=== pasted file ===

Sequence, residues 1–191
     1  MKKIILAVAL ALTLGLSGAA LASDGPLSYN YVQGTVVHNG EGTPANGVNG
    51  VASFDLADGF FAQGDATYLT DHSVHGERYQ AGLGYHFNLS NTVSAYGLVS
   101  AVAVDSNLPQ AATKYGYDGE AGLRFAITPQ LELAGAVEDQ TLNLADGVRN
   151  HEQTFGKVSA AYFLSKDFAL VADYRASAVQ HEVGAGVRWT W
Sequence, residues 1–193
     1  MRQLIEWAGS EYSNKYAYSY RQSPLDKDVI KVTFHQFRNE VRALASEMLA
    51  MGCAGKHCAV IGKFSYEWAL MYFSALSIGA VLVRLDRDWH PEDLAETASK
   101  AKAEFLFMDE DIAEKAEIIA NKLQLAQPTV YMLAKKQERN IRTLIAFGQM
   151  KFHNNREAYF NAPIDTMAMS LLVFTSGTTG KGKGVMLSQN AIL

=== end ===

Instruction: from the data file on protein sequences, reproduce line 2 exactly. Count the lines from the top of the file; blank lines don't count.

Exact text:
     1  MKKIILAVAL ALTLGLSGAA LASDGPLSYN YVQGTVVHNG EGTPANGVNG